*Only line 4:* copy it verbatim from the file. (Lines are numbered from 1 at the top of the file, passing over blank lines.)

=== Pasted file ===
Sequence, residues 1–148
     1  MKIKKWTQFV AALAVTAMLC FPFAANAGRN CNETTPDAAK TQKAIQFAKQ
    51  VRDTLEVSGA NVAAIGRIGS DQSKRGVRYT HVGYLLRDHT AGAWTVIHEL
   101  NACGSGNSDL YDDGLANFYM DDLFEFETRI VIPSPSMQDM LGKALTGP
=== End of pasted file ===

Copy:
   101  NACGSGNSDL YDDGLANFYM DDLFEFETRI VIPSPSMQDM LGKALTGP